Learning is defined as acquiring knowledge and skills through experience, study, or direct instruction . When we learn something, we commit it to long-term memory. Long-term memory can be divided into declarative and non-declarative memory.
Non-declarative memory consists of the memories that we are not consciously aware of – procedural memories (such as motor skills) and priming (enhanced identification of objects or words). Declarative memory consists of the memories that we are consciously aware of – episodic memories (personally experienced events) and semantic memory (general facts and knowledge). Typically the type of memory students are most often concerned with is semantic memory because they are consciously learning facts and knowledge . To commit information to long-term semantic memory, we must:
When we encode a memory (change it to a form our brain can store and retrieve), it is broken down into components – acoustic, visual, emotional, scent, texture, and so on, and when we retrieve a memory, it is constructed out of these components. With each new memory, we create associations between the new information, old information, and these components, and those associations we create provide cues when we want to access a memory; for example, if we activate one association, the others are partially activated.
There are two ways to access a memory:
With both recognition and recall, we activate the neural network associated with the cue provided for the item. Creating multiple associations for the information you want to remember aids memory. Associations and cues can be visual, auditory, and kinesthetic, and so on. Each person tends to have a favourite combination; for example, maybe you remember best by visually creating a scene in your head while you read your textbook; maybe your roommate prefers to read her notes out loud and discuss the key points with you; or maybe you’ve watched someone make subtle movements while writing a test. Remember, though, that your learning preference(s) are not set in stone; you learn more effectively when you create more types of associations for the new information. For instance, you may retrieve information best when you have written it out, but will remember and process better overall if you incorporate some auditory or visual strategies in addition to the kinesthetic strategies.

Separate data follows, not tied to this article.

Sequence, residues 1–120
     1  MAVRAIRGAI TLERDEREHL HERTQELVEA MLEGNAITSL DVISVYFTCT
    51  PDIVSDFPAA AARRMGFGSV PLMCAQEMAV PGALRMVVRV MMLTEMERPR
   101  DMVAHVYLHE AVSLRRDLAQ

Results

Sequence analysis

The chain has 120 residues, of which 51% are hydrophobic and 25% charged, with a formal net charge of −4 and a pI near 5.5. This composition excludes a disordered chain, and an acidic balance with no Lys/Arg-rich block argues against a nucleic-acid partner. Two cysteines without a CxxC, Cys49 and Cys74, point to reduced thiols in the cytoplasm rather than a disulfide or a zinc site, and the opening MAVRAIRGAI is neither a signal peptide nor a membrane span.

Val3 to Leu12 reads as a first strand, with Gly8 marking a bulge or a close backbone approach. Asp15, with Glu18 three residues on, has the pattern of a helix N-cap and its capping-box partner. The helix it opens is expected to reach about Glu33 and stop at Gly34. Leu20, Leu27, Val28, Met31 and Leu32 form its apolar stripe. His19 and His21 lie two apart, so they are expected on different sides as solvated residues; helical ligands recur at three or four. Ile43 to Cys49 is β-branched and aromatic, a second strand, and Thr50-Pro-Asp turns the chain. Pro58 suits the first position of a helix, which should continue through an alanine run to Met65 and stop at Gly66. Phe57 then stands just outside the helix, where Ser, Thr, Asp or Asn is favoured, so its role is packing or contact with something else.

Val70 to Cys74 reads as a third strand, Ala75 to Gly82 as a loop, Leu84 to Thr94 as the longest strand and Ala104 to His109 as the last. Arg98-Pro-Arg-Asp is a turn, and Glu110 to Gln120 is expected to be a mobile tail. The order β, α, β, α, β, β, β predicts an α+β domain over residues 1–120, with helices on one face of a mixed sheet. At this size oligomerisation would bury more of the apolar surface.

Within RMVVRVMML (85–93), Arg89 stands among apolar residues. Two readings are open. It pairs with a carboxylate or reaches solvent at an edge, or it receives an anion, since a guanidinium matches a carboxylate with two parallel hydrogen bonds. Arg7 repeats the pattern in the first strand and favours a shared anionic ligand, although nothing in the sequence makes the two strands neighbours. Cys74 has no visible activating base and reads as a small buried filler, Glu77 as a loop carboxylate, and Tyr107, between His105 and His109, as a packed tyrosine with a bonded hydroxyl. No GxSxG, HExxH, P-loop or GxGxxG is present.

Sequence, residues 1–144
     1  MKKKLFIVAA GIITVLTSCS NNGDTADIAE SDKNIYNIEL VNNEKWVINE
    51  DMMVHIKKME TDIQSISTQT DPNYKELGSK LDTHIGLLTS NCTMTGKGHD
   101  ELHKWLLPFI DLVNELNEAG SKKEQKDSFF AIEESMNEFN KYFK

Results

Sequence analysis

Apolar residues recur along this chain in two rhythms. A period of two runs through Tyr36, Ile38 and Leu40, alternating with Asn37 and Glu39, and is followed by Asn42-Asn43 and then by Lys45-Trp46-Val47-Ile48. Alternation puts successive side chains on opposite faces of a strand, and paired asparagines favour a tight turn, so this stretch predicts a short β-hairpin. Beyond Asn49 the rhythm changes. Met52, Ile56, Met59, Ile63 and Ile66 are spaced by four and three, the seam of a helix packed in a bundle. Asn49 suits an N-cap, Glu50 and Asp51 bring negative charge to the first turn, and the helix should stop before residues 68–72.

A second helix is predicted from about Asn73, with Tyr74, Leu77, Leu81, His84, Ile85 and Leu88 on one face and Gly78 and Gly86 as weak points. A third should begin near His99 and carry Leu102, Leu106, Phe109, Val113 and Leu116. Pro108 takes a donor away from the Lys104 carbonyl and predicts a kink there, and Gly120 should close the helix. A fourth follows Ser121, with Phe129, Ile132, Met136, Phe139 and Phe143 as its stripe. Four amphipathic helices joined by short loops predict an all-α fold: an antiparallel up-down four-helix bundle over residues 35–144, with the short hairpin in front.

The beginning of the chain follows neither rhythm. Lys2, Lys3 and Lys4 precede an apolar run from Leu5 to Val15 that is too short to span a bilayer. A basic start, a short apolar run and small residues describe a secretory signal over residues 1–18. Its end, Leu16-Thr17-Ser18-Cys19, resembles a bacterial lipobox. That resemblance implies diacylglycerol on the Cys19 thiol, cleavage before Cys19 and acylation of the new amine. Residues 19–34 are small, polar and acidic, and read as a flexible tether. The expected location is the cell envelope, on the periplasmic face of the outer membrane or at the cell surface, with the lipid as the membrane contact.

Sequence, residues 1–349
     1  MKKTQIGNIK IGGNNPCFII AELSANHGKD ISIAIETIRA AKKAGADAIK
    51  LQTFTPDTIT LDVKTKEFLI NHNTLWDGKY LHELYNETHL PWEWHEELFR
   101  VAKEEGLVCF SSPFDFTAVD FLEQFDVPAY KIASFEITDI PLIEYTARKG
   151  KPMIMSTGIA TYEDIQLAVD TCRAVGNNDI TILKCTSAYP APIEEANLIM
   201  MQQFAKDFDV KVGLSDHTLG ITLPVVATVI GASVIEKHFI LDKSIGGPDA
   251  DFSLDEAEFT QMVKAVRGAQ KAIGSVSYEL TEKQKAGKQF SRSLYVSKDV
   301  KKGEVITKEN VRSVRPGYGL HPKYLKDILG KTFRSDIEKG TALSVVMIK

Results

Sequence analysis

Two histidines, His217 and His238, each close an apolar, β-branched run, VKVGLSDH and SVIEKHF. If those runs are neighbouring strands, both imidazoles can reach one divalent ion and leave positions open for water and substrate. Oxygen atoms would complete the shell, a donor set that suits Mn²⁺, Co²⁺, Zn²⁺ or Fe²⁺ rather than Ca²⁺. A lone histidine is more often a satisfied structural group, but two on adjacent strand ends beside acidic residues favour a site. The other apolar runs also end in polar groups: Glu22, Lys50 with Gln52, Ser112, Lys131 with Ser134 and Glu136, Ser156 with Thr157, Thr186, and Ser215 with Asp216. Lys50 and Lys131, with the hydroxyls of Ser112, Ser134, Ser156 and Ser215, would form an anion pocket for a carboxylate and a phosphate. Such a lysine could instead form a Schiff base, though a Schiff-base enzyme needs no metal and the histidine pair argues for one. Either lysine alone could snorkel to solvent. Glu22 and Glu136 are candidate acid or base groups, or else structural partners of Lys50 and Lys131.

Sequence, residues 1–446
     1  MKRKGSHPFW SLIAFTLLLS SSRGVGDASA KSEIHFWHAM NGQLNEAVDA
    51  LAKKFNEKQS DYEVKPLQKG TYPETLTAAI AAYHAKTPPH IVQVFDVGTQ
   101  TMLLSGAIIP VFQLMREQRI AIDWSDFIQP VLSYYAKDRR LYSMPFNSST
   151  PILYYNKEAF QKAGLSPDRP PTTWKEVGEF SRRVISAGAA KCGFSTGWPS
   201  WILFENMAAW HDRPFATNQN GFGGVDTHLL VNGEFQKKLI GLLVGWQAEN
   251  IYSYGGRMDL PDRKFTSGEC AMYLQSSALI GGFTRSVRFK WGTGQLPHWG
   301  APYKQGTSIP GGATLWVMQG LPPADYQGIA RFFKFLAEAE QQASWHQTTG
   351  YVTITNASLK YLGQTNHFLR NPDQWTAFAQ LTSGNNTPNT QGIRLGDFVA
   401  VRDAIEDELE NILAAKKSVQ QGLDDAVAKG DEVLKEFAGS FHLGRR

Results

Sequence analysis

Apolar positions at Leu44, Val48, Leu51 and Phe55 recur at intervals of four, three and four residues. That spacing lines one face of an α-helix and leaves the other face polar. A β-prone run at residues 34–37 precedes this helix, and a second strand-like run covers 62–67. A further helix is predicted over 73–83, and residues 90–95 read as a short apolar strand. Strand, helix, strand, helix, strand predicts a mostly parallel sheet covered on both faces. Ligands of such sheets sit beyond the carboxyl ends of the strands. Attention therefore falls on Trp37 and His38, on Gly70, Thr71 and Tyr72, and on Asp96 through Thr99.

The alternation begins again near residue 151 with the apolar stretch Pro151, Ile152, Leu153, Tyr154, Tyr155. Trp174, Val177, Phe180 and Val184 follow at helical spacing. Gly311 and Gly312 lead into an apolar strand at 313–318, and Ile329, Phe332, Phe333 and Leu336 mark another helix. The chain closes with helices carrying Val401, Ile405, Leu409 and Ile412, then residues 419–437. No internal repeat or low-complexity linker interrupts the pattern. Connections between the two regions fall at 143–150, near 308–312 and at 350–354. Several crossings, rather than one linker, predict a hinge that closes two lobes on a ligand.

Your preferred method of encoding information is probably intuitive to you, and it is likely that tutoring someone with the same preference will be naturally successful. In other cases, the suggestions from the intelligence-based information below will help you to level any differences in understanding between you and your tutee.
One can improve memorization; however, university requires more than simple regurgitation of facts. We need to analyze and create information.
Analysis and creation of information require the full use of our memory system (attention/encoding, working memory, and long-term memory). Consider the processes used for mathematics and essay writing: we must
Luckily for most of us, this process is automatic and unconscious.
*See Module 6: Working with a Diverse Student Population for information on challenges encountered by students with disabilities
 Learning. (n.d). In Merriam-Webster online. Retrieved from: http://www.merriamwebster.com/dictionary/learning
 Marche, T. (September-December 2014). Human memory. [PowerPoint slides]. Lecture Notes. University of Saskatchewan.
 CrashCourse. (2014). Remembering and forgetting: Crash course psychology #14. Retrieved from: https://www.youtube.com/watch?v=HVWbrNls-Kw&list=PL8dPuuaLjXtOPRKzVLY0jJYuHOH9KVU6&index=14]
 Mastin, L. (2010). The Human Memory. Retrieved from: http://www.humanmemory.net/processes_recall.html